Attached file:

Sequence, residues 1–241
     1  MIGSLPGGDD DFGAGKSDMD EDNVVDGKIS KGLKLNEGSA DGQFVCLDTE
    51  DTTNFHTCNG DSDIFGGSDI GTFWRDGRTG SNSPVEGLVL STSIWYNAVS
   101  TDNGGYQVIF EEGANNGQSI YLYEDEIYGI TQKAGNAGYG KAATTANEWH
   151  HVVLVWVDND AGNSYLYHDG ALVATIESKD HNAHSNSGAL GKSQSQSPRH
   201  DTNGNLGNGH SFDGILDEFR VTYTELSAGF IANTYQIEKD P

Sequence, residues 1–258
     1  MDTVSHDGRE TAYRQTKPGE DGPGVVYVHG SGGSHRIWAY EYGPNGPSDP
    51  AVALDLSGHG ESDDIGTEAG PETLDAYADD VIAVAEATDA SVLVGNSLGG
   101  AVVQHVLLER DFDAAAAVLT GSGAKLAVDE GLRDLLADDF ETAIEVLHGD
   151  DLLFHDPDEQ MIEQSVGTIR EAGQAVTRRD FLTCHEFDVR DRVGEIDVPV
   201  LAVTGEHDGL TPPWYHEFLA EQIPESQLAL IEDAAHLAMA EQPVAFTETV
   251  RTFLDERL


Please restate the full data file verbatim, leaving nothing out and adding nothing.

Sequence, residues 1–241
     1  MIGSLPGGDD DFGAGKSDMD EDNVVDGKIS KGLKLNEGSA DGQFVCLDTE
    51  DTTNFHTCNG DSDIFGGSDI GTFWRDGRTG SNSPVEGLVL STSIWYNAVS
   101  TDNGGYQVIF EEGANNGQSI YLYEDEIYGI TQKAGNAGYG KAATTANEWH
   151  HVVLVWVDND AGNSYLYHDG ALVATIESKD HNAHSNSGAL GKSQSQSPRH
   201  DTNGNLGNGH SFDGILDEFR VTYTELSAGF IANTYQIEKD P

Sequence, residues 1–258
     1  MDTVSHDGRE TAYRQTKPGE DGPGVVYVHG SGGSHRIWAY EYGPNGPSDP
    51  AVALDLSGHG ESDDIGTEAG PETLDAYADD VIAVAEATDA SVLVGNSLGG
   101  AVVQHVLLER DFDAAAAVLT GSGAKLAVDE GLRDLLADDF ETAIEVLHGD
   151  DLLFHDPDEQ MIEQSVGTIR EAGQAVTRRD FLTCHEFDVR DRVGEIDVPV
   201  LAVTGEHDGL TPPWYHEFLA EQIPESQLAL IEDAAHLAMA EQPVAFTETV
   251  RTFLDERL